Estonian banks' profits for Q3 2023 exceed €200 million

Swedbank. Source: Siim Lõvi /ERR

Banks operating in Estonia were very profitable once more in the third quarter of this year (Q3 2023), earning a total net profit of almost €217 million, according to data collected by Bank of Estonia (Eesti Pank).

"Profits have grown rapidly, as the rise in the Euribor rate has been accompanied by a rapid increase in income from Euribor-linked loans. These types of Euribor-linked contracts account for the majority of housing loans, leases and corporate loans," Bank of Estonia said.

In the first three quarters of the year, banks' profitability, or profit as a share of assets, was around 60 percent higher than the long-term average.

"Looking ahead, banks' profitability will decline because, unlike their interest income, interest costs are likely to continue to rise for some time. For the banks operating in Estonia, interest costs primarily mean interest paid on deposits," the central bank added.

"Interest rates on demand deposits, that is, money held in current accounts, are still very low, while interest rates on overnight deposits have risen rapidly. At present, depositors receive an interest rate of 4-4.5 percent for a one-year deposit at banks."

Bank of Estonia also sees a potential risk that the volume of overdue loans and loan losses may increase.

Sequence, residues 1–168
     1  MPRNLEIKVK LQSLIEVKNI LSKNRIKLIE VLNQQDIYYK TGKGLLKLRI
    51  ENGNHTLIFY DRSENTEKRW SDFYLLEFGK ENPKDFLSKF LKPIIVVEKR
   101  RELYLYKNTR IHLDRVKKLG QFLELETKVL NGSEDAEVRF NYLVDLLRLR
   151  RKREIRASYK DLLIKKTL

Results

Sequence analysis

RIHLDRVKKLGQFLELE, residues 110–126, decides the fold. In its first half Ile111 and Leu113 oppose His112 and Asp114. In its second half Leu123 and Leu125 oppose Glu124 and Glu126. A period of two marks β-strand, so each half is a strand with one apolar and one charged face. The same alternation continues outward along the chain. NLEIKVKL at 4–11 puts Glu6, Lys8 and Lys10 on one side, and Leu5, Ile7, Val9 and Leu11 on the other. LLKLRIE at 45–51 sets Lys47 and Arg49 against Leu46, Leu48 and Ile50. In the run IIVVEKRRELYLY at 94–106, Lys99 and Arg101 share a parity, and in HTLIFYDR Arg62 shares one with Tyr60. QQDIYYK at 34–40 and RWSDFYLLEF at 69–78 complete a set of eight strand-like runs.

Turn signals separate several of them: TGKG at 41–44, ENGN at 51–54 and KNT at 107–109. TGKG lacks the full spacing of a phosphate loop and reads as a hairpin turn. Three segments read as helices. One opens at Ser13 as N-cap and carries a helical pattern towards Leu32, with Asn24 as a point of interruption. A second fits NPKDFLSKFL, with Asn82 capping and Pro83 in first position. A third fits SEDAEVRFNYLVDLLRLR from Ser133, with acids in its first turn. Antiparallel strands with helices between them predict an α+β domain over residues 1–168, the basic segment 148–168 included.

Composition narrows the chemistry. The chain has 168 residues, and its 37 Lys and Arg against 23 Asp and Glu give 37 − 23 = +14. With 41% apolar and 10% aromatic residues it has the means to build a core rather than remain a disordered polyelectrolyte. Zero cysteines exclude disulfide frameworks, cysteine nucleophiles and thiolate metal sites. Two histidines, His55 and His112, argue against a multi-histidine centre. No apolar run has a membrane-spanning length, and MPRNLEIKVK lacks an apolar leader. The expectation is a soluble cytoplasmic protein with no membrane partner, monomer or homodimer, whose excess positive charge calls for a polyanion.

While the economic situation has been difficult, both individuals and companies in Estonia have so far generally managed to keep up with loan repayments.

At the end of September, the share of corporate loans, which were overdue by more than 60 days stood at 0.3 percent. The share of housing loans overdue by over 60 days was 0.1 percent.

"Individuals have been helped to cope with higher loan repayments due to low unemployment, while companies have benefited from the rapid growth in sales revenues over previous years and the buffers, which they have built up," said Bank of Estonia.

"However, if the economic situation remains challenging for longer and unemployment rises, then banks will need to be prepared for additional loan reductions and loan losses."


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Editor: Michael Cole

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